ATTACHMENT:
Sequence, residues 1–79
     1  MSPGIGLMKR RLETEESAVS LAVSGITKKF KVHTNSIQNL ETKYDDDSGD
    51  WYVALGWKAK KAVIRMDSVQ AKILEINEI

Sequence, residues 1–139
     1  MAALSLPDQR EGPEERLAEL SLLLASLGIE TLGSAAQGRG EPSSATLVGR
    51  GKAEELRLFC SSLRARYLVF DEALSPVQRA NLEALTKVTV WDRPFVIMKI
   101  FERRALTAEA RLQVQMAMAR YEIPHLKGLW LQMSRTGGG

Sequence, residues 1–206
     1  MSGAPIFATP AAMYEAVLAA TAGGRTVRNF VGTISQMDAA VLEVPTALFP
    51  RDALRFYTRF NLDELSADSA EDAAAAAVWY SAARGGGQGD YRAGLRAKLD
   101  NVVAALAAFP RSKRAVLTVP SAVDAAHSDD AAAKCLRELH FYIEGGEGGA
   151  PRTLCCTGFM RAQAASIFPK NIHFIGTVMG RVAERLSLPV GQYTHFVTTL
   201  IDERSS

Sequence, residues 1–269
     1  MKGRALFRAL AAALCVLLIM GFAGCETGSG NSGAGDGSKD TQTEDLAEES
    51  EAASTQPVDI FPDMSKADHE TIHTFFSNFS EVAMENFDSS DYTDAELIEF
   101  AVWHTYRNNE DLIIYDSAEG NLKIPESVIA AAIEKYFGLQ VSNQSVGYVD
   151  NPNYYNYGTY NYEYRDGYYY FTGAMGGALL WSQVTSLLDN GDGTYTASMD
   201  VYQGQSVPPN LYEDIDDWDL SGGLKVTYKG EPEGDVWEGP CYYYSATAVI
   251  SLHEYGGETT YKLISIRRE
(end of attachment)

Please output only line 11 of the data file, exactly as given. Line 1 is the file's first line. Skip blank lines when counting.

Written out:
   101  NVVAALAAFP RSKRAVLTVP SAVDAAHSDD AAAKCLRELH FYIEGGEGGA